[This story appears as an on-going series in the "Gilroy Dispatch"]
Windows are a major hazard for birds October, 2014 By Amy Yee
Golden Crown Sparrow
I am enjoying my morning coffee when I hear a sickening thud and the sound of something lightly sliding down the kitchen window. The window shakes ever so slightly. Before I can even look up from my newspaper, I realize that a bird has struck the window. Looking outside, I see a trembling, dazed looking mockingbird on the walkway below. Fortunately, he is on his feet. I watch him for a few minutes to be sure none of my neighbor's cats, who claim my yard as their own, find him. In a few minutes, thankfully, he is airborne again hopefully wiser about windows and no worse for wear. While this incident had a happy outcome, many bird strikes do not. Often, the bird breaks its neck, or suffers a brain hemorrhage, and is killed. It may break a wing, grounding it and making it easy prey for a predator. Occasionally, it may fly away but then die later from internal injuries. Bird strikes are not limited to homes in residential areas; they are equally common in large cities with high-rises.
According to the U.S. Fish and Wildlife Service, "One of the greatest hazards to birds is plate glass, with windows in homes and offices killing as many as one billion birds each year. Glass is invisible to birds, and if it reflects the images of trees, bushes, the sky or other natural habitat, a bird may fly directly into it." Or, the bird may only see the potted plants on the other side of the glass, or the landscape on the other side of the window through a second window, and not realize the window is there.
Skyscrapers in our large cities are especially dangerous to birds that migrate at night. Nocturnal migrators (for example, warblers, orioles and tanagers) navigate by the stars. According to the Cornell Lab of Ornithology, while some nighttime collisions appear to be simply random (the building just happens to be in the bird's flight path) some nocturnal migrants appear to be lured by the lights. For reasons not entirely understood, the lights in tall buildings seem to be divert these birds from their original paths. The birds gather near the lights, often colliding with one another or the building. Sadly, there may be hundreds of dead birds littering the streets after such an event.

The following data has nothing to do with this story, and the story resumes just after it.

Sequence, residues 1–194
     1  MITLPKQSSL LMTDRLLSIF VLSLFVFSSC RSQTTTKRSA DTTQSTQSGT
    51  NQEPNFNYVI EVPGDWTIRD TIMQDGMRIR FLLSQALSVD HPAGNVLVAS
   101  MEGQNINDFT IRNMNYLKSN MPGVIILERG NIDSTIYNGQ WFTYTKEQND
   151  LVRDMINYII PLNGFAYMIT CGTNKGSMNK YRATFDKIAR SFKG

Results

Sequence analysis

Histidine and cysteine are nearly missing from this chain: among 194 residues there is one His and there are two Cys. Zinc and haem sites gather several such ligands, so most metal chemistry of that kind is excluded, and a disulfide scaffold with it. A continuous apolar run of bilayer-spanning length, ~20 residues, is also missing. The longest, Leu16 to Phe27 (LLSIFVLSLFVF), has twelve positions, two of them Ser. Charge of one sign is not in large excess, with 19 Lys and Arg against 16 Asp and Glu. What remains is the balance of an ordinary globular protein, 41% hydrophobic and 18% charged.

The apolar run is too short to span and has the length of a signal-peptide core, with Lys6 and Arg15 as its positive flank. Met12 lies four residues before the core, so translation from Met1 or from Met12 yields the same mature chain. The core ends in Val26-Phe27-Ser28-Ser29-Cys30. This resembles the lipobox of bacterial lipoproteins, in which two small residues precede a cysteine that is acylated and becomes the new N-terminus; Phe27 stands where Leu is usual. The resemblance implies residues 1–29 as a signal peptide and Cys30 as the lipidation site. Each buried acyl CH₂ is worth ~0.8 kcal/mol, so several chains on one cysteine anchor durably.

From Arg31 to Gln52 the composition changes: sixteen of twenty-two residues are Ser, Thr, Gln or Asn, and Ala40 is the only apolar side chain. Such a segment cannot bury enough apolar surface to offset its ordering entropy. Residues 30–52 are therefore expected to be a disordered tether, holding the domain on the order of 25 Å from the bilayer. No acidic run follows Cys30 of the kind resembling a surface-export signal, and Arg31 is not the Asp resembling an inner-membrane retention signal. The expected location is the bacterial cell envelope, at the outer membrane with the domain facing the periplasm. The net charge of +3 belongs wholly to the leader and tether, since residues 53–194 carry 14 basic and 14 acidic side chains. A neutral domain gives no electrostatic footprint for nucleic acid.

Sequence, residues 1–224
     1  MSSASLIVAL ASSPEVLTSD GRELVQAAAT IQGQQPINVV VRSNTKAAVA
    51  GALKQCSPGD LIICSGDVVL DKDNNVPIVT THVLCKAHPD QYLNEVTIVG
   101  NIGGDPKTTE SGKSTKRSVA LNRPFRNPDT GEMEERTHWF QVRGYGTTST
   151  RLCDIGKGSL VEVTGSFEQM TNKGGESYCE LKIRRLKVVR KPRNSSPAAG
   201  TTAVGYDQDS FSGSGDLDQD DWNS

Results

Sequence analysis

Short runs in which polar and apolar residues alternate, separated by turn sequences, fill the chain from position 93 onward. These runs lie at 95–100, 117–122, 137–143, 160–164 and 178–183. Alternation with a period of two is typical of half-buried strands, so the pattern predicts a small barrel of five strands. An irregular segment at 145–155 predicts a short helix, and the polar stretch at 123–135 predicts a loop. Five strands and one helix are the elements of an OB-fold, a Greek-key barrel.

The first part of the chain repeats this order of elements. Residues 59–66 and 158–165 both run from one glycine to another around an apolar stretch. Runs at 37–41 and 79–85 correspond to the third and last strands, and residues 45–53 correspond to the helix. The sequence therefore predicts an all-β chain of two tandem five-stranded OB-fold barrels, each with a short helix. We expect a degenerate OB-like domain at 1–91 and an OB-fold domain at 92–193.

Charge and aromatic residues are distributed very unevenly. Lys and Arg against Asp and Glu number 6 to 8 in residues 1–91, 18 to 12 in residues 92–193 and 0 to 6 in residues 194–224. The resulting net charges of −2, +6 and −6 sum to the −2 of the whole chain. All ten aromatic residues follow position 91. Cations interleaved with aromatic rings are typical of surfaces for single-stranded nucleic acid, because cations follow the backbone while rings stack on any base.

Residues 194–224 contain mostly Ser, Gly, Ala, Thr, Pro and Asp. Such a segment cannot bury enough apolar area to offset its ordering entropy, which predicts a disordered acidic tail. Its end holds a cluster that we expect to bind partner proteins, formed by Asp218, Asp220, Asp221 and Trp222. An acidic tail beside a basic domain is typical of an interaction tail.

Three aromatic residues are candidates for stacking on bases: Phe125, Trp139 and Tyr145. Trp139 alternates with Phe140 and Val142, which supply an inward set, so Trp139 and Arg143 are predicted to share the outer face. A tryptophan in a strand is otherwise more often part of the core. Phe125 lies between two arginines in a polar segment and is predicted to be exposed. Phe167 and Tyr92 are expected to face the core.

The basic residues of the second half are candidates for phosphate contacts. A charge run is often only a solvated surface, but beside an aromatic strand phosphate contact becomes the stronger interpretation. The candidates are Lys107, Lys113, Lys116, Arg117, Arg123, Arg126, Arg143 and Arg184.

There is, of course, one simple solution to the problem of lighted skyscrapers require building lights to be turned off at night, to the extent possible, especially when nocturnal migrators are in the air. Many cities now have regulations in place to minimize bird deaths in urban areas. Similar rules require lights to be turned off at night in beach communities when sea turtle eggs are hatching. The baby turtles follow the light of the reflected stars to the ocean; artificial lights confuse them and cause them to make the fatal mistake of moving away from the ocean, instead of toward it.
Occasionally, birds intentionally fly into windows. While annoying to people, and exhausting for the birds, these strikes are rarely fatal. Most common during breeding season, these birds are attacking what they believe to be a competitor. Birds that are very territorial and nest close to buildings, such as robins and towhees, do this most commonly. They see their reflection in the window and believe they are seeing another bird, who must be chased away.
If you go outside and look at your windows, you will see what the birds see. Do you see plants and trees reflected in the glass? If so, the window presents a danger to birds.
There are hundreds of products on the market to help protect birds from windows. The goal is to make the window visible. If a window is so clean that birds cannot see it, or can only see what is reflected, birds will be more likely to fly into it. Window screens or tightly stretched netting (with spaces no larger than 5/8") will allow a bird to bounce off a window without hurting himself. Other products, such as reflective decals applied no further apart than four inches, may alert birds to the window's presence. The shape or design of the decal does not matter. Ultraviolet stickers, which humans cannot see but birds can, must be placed so close together that a bird could not fly in between them. External sunshades, shutters or awnings may also help.
If you find a bird who has struck a window, watch it for a while to protect it from any predators and see if it is able to fly away. If it is not, call a licensed wildlife rehabilitation center, such as WERC, for advice.
For more suggestions on protecting birds from windows, and what to do if you find a window-strike victim, go to www.allaboutbirds.org/Page.aspx?pid=1184.
WERC is a licensed 501(c)(3) organization that has been providing wildlife education and rehabilitation services in the South County for 23 years.
Amy Randall Yee has lived in Santa Clara County for 35 years and has volunteered at WERC for six years. She is the President of the Board of Directors of WERC. Contact her at email@example.com.
W.E.R.C., the Wildlife Education and Rehabilitation Center provides the community with rehabilitation services for orphaned, injured and sick native wildlife. Through our educational programs, W.E.R.C. encourages a peaceful coexistence between civilization and our native wildlife. Federal tax ID #77-0324296